On one side, Sinn and Wollmershäuser (2012) argue that Finland, the Netherlands, Luxembourg, and Germany face the risk of losing the TARGET claims of their national central banks should the euro break up. On the other, De Grauwe and Ji (2012) deny that such a risk exists1. They base this on the grounds that:
  • The risk stems only from these countries' self-chosen net foreign asset position;
  • Fiat money has a value independent of the corresponding national central bank's assets; and
  • Foreign speculators could be excluded from a currency conversion if necessary;
Given that the Eurozone's gross TARGET claims or liabilities today amount to about €1 trillion and constitute the largest single item in the balance sheets of most central banks of Eurozone members, this would be good news for the four countries mentioned. If De Grauwe and Ji are right, however, one wonders why Moody's recently announced that it is considering a downgrade of the credit ratings of Germany, the Netherlands, and Luxembourg in view of the riskiness, among other factors, of their huge TARGET claims2. Can it be that the analysts of Moody's have overlooked something?

I will show that they didn't and that, in fact, all three points of De Grauwe and Ji are erroneous or do not apply to the assessment of TARGET losses in the case of Eurozone breakup. To this end, let me consider the issue in more detail. I will start by reviewing the nature of the TARGET imbalances according to Sinn and Wollmershäuser (2012) and then proceed, in turn, to each of the De Grauwe and Ji (2012) counterarguments. Some of my comments also apply to a new paper by Buiter and Rahbari (2012b) that came out after this note was written. I briefly refer to what I perceive as their error in the section on fiat money.

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Saturday, October 20, 2012

Η μείωση της ανεργίας ως εθνικός στόχος

του Μπάμπη Παπαδημητρίου

Καθημερινή

20 Οκτωβρίου 2012

Ευτυχώς, διαπιστώνω, ολοένα και περισσότεροι αντιμετωπίζουν το πρόβλημα της χώρας από την πλευρά της εργασίας. Σκέφτονται, δηλαδή, τρόπους που θα επιτρέψουν στην οικονομία και στην κοινωνία να επιτύχουν σε τρεις στόχους. Στόχοι που συγκλίνουν στην απόλυτη προτεραιότητα που οφείλουμε σε δράσεις οι οποίες θα διασφαλίσουν την τοποθέτηση ανέργων σε θέσεις εργασίας. Μόνον μια εντατική ανάπτυξη του επιχειρηματικού τομέα θα κατορθώσει τη μείωση της ανεργίας.

Πρώτος στόχος είναι να γίνουν λιγότερες απολύσεις στους κλάδους και στα τμήματα της επιχειρηματικότητας, που αντιμετωπίζουν τα μεγαλύτερα προβλήματα προσαρμογής. Είχαμε, για παράδειγμα, μεγάλη μείωση θέσεων εργασίας επειδή συνεχίστηκε η μακρά διολίσθηση στην ανταγωνιστικότητα στην κατασκευή ενδυμάτων, επίπλων, μηχανών, ακόμη και δομικών υλικών. Το εμπόριο υποκατέστησε εγχωρίως μεταποιούμενα προϊόντα. Η πτώση της ζήτησης απογύμνωσε το ήδη συντελεσθέν γεγονός, αφού η πτώση του εμπορίου παρέσυρε ολόκληρους κλάδους οι οποίοι συνδύαζαν το εισαγωγικό εμπόριο με την εναπομείνασα εγχώρια παραγωγή.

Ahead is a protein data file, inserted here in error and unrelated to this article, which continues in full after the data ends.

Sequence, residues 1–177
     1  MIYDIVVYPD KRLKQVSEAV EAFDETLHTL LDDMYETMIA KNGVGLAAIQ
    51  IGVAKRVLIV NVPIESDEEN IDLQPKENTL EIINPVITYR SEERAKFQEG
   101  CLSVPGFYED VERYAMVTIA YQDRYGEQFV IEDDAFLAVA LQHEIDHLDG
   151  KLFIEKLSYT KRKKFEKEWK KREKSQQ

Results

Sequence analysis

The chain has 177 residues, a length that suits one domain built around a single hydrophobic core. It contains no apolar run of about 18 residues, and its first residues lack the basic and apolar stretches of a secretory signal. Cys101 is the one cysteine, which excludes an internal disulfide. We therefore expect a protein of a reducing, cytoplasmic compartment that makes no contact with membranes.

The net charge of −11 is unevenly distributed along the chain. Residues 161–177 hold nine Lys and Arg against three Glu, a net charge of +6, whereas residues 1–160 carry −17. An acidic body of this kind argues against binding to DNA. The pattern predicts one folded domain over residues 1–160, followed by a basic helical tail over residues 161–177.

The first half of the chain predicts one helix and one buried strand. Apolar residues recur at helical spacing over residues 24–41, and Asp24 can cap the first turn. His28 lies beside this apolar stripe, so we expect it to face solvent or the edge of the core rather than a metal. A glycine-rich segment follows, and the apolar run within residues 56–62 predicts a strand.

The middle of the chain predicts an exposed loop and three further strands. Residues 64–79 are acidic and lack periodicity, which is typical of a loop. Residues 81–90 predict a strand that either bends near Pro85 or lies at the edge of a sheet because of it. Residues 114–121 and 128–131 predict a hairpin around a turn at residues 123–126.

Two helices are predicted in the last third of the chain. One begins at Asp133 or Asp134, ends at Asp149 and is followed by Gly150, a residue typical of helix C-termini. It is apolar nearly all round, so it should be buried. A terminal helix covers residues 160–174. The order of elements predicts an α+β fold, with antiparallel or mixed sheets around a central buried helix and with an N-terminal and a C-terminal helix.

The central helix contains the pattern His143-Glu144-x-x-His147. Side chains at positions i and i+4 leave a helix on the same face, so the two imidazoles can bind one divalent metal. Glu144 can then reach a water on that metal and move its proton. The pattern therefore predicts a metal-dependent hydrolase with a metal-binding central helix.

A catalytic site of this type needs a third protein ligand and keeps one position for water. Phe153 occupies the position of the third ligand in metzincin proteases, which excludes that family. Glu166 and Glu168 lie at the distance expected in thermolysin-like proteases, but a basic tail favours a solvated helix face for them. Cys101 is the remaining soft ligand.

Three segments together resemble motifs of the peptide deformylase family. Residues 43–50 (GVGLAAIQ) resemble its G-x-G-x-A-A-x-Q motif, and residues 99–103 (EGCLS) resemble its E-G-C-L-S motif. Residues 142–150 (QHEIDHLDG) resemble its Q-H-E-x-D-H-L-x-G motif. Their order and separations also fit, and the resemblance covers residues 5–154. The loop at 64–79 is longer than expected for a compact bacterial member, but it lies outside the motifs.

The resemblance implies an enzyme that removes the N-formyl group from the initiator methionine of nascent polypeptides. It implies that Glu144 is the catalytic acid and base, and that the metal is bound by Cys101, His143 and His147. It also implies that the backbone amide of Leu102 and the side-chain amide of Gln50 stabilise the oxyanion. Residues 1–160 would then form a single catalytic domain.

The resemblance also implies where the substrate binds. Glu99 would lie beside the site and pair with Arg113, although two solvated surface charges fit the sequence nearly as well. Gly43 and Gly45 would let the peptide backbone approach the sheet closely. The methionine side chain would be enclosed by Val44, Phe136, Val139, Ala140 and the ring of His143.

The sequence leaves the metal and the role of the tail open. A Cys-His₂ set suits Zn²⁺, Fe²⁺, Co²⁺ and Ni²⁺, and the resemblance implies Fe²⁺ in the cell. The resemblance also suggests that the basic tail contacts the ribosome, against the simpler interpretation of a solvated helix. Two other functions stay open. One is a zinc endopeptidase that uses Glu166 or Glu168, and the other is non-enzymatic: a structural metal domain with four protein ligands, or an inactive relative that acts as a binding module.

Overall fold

Χειρότερα είναι τα πράγματα στο μικρό εμπόριο. Πολλές μικρές εμπορικές επιχειρήσεις κλείνουν επειδή ο καταναλωτής δεν μπορεί να υποστηρίξει τα περιθώρια κέρδους που συντηρούσαν πολλές δεκάδες χιλιάδες θέσεις εργασίας. Οι οικογενειακές επιχειρήσεις επιστρέφουν στο σημείο από το οποίο ξεκίνησαν, απολύουν όμως τους υπαλλήλους, εξέλιξη που περιορίζει δραστικά την κερδοφορία τους.

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Thursday, October 18, 2012

Europe’s Flawed Banking Union

by Howard Davies

Project Syndicate

October 18, 2012

The European Union is now the proud owner of a Nobel Peace Prize. When the choice alighted on Barack Obama three years ago, the Norwegian Nobel Committee was criticized for honoring someone whose achievements were still to come. The Committee took that criticism to heart, and this time decorated an institution with a proud past, but a clouded future.

The eurozone is distinct from the EU of course, but it is the Union’s most ambitious undertaking to date, and it is still struggling to equip itself with the structures needed to bolster a currency union. A common fiscal policy remains a distant dream, as does a genuine political union.

But Europe’s policymakers claim to be making progress toward a so-called “banking union,” which means collective banking supervision, rather than a merger of banks themselves. In September, the European Commission announced a plan to make the European Central Bank the supervisor of all 6,000 of Europe’s banks.

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Greece must stop hitting snooze and wake up to economic reform

by Matthew Melchiorre

City A.M.

October 18, 2012

When the International Monetary Fund (IMF) and European finance ministers meet today at the European Union (EU) summit, they are bound to butt heads over the decision to release Greece’s next €31.5bn bailout installment.

The prospect of default may be a possibility once again. European leaders and international lenders will likely come to an eleventh-hour agreement, but it may not be a bad idea to keep Greek politicians wondering in the interim.

Greece has become complacent about making necessary structural changes, having received two bailouts, interest rate support from the European Central Bank (ECB), and an internationally sanctioned private debt restructuring earlier this year. It has failed to reform its public sector, privatise state-owned companies, increase competitiveness — all conditions for receiving additional international support. The resurgent spectre of default would send a strong message to Greek politicians that their cowardly approach to reform is both unacceptable to creditors and unsustainable for Greece’s balance sheet in the long-run.

Greece’s public sector is as bloated now as it was upon agreement to its first bailout in May 2010. Public expenditure as a percentage of GDP remains at a whopping 51 per cent, according to IMF figures. Some European countries do have a higher proportion, but without Greece’s abysmal level of government inefficiency.